12 And Amaziah said to Amos, “O seer, go, flee away to the land of Judah, earn your bread there and prophesy there;”

Amos 7.12

Global Uranium Extraction

I was once at a Presbytery meeting in Northeast Saskatchewan and, as is the wont of United Church folk, we were discussing Justice stuff. We like to talk about Justice in UCC circles – in fact it is often one of the glues that bind us. And in that time – I think we were revisiting discussions around uranium and our involvement in the global trade of nuclear technology and its impact on lives and the environment, when someone piped up and said, “Why are prophets so grumpy?” There was a pause and then laughter …

The quote from Scripture is one of our collective memories in our faith journey of just one Prophet. Amaziah, the Chief Priest, is frankly likely quite upset with this guy (Prophet) named Amos. He keeps telling the Royal House that as long as people are suffering, as long as there are hungry children and suffering mothers, and the world’s ways (human solutions) are used in international affairs a whole bunch of woe is coming. And, of course, no one wants to hear this. Amaziah has the unenviable task of telling Amos to zip it and hit the road – that’s basically what’s happening in this excerpt.

Now there are a few things that we forget about the role of the Prophet … well perhaps more succinctly we need to appreciate more fully. The Prophet, in this context, was not only a ‘voice in the wilderness,’ s/he was also an accepted part of the culture. You might not like them, they might be loud, obnoxious and, well, rude, but they had an accepted role and that role was to pronounce clearly the ramifications of our human choices and what God had to say about the trajectory upon which we had set ourselves. My spouse, Shelly, had a Theology Professor who once said, “A prophet is someone who knows what to be angry about and how to be angry.”

Now – and here’s the tension – we often know that what a Prophet is saying is right (perhaps we might have to dig a bit). But … there’s always a but … we also don’t live in that binary world that is so clear for a Prophet when she speaks God’s truth: Do this and this will happen … keep doing this and it’s going to get a lot worse (for instance, consider smoking and we now generally appreciate the outcome of this one addiction on our lives). For a Prophet, God’s word is clear and the insights are crystallised with nothing to obscure her sight. The rest of us, however, have a lot of distractions in the way. It’s the nature of our collective experience – we aspire and long for wholeness, healing and balance, but that often takes letting go and making new choices … and that’s never easy.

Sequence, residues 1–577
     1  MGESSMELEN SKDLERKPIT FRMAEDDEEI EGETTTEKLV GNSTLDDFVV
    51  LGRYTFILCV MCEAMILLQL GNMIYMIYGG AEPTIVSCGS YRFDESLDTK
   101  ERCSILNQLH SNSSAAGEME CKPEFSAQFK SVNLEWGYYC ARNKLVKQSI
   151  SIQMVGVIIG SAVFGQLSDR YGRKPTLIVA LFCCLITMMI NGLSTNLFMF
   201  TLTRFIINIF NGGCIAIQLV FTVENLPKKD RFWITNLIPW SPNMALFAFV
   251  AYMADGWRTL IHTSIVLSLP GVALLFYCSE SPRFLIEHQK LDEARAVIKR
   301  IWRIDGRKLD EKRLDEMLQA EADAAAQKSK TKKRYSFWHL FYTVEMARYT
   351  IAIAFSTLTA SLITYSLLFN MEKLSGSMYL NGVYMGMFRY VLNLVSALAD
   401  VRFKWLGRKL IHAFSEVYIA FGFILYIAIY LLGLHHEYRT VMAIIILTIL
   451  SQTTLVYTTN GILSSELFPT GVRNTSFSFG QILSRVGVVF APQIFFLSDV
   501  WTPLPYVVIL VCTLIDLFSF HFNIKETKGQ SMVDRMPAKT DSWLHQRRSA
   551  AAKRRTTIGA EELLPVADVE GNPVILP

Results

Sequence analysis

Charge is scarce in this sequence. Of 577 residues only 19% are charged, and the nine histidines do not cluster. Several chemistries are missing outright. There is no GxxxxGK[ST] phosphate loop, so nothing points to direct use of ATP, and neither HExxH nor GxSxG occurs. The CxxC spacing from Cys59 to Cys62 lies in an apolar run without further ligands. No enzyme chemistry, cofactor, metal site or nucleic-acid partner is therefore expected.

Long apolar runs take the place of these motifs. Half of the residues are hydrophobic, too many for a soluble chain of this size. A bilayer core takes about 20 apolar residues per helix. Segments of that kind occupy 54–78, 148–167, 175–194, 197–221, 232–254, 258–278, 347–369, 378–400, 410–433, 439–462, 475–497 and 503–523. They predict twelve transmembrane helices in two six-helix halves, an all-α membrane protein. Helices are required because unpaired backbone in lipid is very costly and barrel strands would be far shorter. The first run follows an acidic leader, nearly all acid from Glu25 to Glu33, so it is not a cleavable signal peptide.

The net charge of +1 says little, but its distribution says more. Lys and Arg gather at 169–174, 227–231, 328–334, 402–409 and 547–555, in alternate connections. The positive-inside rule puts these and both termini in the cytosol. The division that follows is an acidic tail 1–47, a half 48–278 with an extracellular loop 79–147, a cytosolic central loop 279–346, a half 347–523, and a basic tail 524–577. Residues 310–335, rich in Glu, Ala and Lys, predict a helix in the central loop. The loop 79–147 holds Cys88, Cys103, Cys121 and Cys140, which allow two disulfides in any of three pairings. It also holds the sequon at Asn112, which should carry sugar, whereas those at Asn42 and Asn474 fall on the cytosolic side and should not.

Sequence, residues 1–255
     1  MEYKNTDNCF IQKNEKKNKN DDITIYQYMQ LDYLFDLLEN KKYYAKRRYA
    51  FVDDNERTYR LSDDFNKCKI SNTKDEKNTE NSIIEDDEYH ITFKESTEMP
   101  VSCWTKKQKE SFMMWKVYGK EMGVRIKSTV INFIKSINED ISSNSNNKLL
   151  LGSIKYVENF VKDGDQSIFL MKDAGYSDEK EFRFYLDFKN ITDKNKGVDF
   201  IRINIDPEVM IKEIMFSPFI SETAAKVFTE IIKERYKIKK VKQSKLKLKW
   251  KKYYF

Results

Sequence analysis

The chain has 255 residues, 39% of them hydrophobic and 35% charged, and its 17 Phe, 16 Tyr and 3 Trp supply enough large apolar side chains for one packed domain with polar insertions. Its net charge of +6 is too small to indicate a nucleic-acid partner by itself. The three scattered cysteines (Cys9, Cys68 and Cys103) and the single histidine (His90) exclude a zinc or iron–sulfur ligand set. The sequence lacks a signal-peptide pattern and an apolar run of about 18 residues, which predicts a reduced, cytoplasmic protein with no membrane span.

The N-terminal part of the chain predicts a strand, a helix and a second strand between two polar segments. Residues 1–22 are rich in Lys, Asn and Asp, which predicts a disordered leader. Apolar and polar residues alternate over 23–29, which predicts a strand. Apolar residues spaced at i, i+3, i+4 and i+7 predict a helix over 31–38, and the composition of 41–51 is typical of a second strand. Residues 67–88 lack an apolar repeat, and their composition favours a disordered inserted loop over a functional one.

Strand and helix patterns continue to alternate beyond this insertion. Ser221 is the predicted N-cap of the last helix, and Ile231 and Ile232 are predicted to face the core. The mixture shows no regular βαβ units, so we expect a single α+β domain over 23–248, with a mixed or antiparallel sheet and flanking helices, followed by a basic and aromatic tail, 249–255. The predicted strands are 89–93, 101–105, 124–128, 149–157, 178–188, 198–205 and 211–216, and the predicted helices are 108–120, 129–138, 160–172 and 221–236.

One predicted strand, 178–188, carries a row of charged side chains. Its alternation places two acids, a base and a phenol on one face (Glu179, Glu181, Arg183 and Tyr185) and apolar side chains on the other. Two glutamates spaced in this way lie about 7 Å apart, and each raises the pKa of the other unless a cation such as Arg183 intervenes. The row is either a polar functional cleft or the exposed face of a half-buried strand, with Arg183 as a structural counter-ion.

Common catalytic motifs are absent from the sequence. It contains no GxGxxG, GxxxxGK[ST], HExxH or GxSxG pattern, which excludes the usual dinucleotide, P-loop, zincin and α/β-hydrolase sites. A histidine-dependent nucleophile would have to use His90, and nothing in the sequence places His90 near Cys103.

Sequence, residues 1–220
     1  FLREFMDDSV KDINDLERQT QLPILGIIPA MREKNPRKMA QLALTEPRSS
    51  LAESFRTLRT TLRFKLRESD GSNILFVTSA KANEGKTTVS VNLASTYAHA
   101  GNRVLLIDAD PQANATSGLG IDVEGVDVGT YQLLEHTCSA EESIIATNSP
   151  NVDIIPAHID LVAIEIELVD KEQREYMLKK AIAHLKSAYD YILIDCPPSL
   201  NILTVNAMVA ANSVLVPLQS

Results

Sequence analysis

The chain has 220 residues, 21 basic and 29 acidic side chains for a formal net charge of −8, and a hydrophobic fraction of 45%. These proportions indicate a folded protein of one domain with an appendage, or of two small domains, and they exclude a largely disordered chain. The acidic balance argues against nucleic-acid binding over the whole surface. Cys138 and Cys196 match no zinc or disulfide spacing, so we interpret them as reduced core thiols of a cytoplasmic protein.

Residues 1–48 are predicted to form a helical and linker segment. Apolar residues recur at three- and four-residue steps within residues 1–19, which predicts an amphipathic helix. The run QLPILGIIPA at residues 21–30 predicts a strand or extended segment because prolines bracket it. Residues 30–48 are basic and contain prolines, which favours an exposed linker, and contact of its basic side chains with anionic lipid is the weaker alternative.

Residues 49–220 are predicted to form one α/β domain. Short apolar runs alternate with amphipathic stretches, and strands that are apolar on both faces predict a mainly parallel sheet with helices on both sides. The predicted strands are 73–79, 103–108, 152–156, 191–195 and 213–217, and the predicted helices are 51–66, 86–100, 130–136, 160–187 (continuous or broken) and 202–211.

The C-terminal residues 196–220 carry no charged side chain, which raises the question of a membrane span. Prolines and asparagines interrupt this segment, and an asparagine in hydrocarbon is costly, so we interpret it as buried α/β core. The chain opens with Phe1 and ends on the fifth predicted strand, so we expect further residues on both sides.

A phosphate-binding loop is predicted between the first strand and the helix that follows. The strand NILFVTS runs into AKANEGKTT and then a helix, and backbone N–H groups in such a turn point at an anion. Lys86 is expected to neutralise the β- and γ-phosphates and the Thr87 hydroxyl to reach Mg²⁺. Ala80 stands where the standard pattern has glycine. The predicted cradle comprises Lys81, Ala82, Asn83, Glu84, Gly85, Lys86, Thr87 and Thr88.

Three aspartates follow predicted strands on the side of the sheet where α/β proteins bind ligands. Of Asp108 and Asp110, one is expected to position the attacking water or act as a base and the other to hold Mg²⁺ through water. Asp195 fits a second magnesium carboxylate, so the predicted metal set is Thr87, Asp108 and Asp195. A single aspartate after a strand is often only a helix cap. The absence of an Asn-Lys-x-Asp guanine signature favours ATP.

Little Gruinard

As I was writing this Blog, Shelly asked me, so where’s the Good News? Good News is very important within our Christian experience. It’s not about find some way to jolly ourselves up and introduce some saccharine sense to an otherwise serious reality – rather Good News should, at the very least, offer reflection that leads to inspiration and action … So, we have Prophets, who are comfortable naming where we are collectively and where we will end up if we keep doing what we are doing. I think of the recent discussions in Copenhagen and the general resistance to the science that speaks to Global Warming. What we – especially in the West – will have to give up in order to lessen what’s coming is going to be a lot and that’s not something we are embracing …

And, yet, there is Good News, there is hope in that there are collective choices that are occurring all of the time. Whether that be as individuals, who are greening their homes or lives, congregations that are wrestling with their carbon footprint and how best to address the need for balance in God’s Creation; there are innumerable choices being made that we just do not hear about. And you, the Reader, know whether you are making choices that are different that speak to the Prophetic voice of Climate Change. Is there more to do? Of course there is … there always will be. This is not an invitation to say, “I’ve done my bit.” It is, however, an acknowledgement that you can only do what you can do and only you know whether you can do more and that’s the irony/challenge of the Prophet. If you are listening to her voice crying in the wilderness pronouncing truth, you know in your heart whether there is more you can do and that is the Good News – you have a choice. So, what will you choose?